Large chain pizza operations typically have sophisticated real estate departments that use a number of state of the art market research tools to find new, promising locations for their restaurants. Does that mean the independent pizzeria on a thin budget is the underdog in finding new locations?
Not according to Lloyd Gordon, President of GEC Consultants in Skokie, Illinois (847-674-6310 www.gecconsultants.com). "Ma and pa pizza restaurants have as good a chance to find good locations as a chain because they're familiar with the area," he says.
For a pizza restaurant looking to expand to a second location, there's a number of easy-to-do steps that will cost little or nothing. First, Gordon says, is to seek out a similar area whether it be in a different nearby town or an area in the same town with a similar feel. As you are driving around scouting potential sites, a key factor to look at is housing.
"If your pizza restaurant has already been successful with hi-rises, you should look for another with hi-rises," he says. "If it's homes, then look for homes that have the same value. That means people are in the same economic situation that you're already serving."
Gordon suggests getting some undercover intelligence. "You can call a real estate agent in the area you're looking at and say you're thinking of buying a home in the area," he says. "You can ask for the average home value and about schools for children and the location of the closest high school."
The next step once an area looks like an excellent demographic fit is to drive through the surrounding neighborhoods counting the pizza places and then double-checking that with Yellow Page listings when you get home. That not only checks your figures, but also helps in trend analysis. "Say you drive around and come up with 42 pizza restaurants and can only find 20 in the Yellow Pages," he says. "The question would be what has happened to the area in the last eight to nine months."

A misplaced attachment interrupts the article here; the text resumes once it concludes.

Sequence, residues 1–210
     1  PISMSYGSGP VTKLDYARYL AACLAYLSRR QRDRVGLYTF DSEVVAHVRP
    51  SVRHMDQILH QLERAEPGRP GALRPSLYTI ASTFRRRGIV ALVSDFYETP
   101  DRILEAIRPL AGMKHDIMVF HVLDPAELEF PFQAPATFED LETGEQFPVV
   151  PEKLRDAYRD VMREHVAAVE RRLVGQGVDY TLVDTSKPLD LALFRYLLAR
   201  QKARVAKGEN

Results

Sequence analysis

So, now you've gotten the area and the competitive environment right, what's next? Choosing the spot. There are two, sometimes quite different scenarios that come into play depending on the neighborhood you're considering. One is a traditional street shop in a more urban location, the other, the more suburban strip mall model.
For a street location, key factors will be amount of traffic that goes by the store, the speed limit of the street and the number of lanes. Gordon argues that the best locations are on secondary streets with a speed limit of 25 to 35 miles an hour and no medians. These are locations that are very close to public transportation and on streets of no more than four lanes, two in each direction.
"When you get six lanes, three in each direction, drivers don't really see the street businesses as well," he says.
Even on a secondary street, versus the main drag, it's key to get good drive bys. That's why your original location should be quantitative scored, perhaps from 5 p.m. to 6 p.m. or even 7 p.m. to count the number of cars going by. That should also be done from the proposed location, figures compared and appropriate conclusions drawn.
Strip center locations present some different rules. For these, a street median is acceptable because there is typically a turn in lane available. Also, the speed of the frontage road can be higher than in the urban setting because people are coming in to the parking lot. However, a strip center location must be carefully chosen. "If you have one big box store on one side and another on the other, you're going to be obliterated," Gordon says.
The nature of the other businesses ought to be considered, too, to make sure they are compatible with pizza. For example, Gordon argues, bookstores are great for pizza because people tend to spend more time in those stores that could spill over into the restaurant as opposed to another kind of retailer where people tend to go in and out quickly.
Once you're interested in a strip location, you should be able to get some excellent data free from the property owner, says Jason Black, co-owner of Bigfallas Pizzeria in the Atlanta suburbs. Black and co-owner Mitchell Newman opened their first location in 1999 in Austell and followed it in June 2001 with a second company owned restaurant in a strip center in another Atlanta suburb, Douglasville. "We went to the owner of the center and asked for population rings," he says. "We were able to get demographic information for a radius of one, three and five miles." This included such data as household income and the average number of people in each household.